Compensation and Benefits
Compensation and benefits topics – whether it’s minimum wage, workers’ compensation laws, or employee pay – if properly handled, can help you retain workers and recruit new ones.
Use our advice to craft independent contractor agreements that keep independent contractors – and your bosses – happy.
Real wages are down almost 8% since 2006, according to the compensation research firm PayScale, which analyzed Consumer Price Index data and information provided by 3,000 clients.
Wages will rise less than 3% over the next three years, according to 82% of U.S. employers polled by the nonprofit National Association for Business Economics.
The DOL's website, youthrules.dol.gov, is designed to educate employers about the rules for employing teens (sorry, there’s no help with how to actually manage them).
Many of the regulations for implementing the Affordable Care Act are highly technical, and don’t relate directly to the employer-provided side of the health insurance market. However, the feds have recently released rules that employers can use.
Employees who are in the National Guard and Reserves usually serve their two weeks during the summer. Here’s what you need to know.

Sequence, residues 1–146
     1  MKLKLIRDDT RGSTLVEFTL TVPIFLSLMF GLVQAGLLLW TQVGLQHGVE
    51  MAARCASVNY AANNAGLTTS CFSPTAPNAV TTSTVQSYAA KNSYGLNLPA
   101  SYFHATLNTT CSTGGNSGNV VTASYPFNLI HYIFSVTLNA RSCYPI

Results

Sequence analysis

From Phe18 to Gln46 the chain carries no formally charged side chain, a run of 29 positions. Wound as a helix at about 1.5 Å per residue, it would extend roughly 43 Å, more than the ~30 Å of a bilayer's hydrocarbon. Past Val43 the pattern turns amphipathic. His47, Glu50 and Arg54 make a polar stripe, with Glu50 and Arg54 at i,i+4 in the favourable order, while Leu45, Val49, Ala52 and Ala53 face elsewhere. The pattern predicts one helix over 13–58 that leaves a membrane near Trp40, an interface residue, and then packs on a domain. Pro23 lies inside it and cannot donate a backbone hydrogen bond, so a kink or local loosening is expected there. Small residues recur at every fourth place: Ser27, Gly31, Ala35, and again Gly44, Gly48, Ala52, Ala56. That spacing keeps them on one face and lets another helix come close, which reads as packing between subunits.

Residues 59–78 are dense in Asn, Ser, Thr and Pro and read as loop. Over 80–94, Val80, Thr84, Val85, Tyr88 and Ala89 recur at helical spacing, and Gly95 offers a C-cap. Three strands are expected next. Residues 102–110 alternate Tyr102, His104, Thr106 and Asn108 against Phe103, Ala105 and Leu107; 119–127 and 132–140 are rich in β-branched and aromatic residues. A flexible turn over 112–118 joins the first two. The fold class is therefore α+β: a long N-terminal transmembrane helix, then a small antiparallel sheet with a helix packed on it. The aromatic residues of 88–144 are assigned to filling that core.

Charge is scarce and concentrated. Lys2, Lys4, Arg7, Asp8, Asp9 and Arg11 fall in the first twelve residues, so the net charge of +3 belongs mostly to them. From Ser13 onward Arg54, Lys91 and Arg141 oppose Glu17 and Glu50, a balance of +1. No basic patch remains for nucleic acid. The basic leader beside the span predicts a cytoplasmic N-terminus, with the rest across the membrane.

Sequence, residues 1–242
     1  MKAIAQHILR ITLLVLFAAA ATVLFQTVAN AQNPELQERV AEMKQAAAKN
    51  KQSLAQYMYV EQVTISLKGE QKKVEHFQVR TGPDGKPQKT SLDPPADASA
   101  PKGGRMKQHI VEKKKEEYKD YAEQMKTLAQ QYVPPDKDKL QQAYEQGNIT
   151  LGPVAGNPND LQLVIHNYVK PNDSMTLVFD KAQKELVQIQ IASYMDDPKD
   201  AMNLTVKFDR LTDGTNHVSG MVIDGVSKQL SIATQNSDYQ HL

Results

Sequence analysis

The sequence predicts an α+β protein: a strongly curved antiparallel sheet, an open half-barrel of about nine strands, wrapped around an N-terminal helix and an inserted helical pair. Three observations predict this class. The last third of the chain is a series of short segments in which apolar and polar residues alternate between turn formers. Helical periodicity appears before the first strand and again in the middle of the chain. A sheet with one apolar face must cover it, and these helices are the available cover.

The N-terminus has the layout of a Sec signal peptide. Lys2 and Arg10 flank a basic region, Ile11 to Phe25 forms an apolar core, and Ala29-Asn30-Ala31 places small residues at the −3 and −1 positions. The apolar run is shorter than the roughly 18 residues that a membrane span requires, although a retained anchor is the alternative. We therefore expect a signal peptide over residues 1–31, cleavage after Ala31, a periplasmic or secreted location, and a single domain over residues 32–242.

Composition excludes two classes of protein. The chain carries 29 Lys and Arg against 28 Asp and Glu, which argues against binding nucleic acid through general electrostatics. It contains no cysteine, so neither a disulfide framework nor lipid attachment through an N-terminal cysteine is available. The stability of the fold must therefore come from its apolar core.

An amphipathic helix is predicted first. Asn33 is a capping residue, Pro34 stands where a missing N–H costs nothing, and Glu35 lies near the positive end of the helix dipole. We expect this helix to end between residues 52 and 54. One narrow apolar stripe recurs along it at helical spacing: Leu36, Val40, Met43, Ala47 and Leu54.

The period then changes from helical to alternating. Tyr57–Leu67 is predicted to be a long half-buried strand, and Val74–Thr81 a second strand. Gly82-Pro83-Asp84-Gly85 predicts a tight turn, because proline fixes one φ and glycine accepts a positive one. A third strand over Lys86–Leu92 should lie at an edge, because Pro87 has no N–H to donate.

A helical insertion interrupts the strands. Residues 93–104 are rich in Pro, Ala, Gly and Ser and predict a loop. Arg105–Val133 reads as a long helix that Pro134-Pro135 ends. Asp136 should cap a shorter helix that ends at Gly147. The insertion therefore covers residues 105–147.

Workers terminated for misconduct aren’t eligible for unemployment compensation. But before you oppose benefits, consider the employee’s side of the story. Rest assured, the hearing officer will. And even if you win the first round, an appeal may consume time and money better spent elsewhere.
It’s time to take a breather from the voluminous sets of regulations related to the Affordable Care Act (ACA) health care reform law. Here’s news that’s easier to digest.
Days before a scheduled strike vote in late February, St. Paul teachers reached a tentative deal on a new contract. Overall, teachers will receive an 8.6% increase in pay and benefits over two years.
Employees are taking more responsibility for financial planning, according to Financial Finesse, a company that helps workers learn to manage their money.
The CEOs of the 100 largest U.S. companies had median incomes of $13.9 million last year, an increase of 9% over figures reported in 2013 by the Equilar executive pay consulting firm.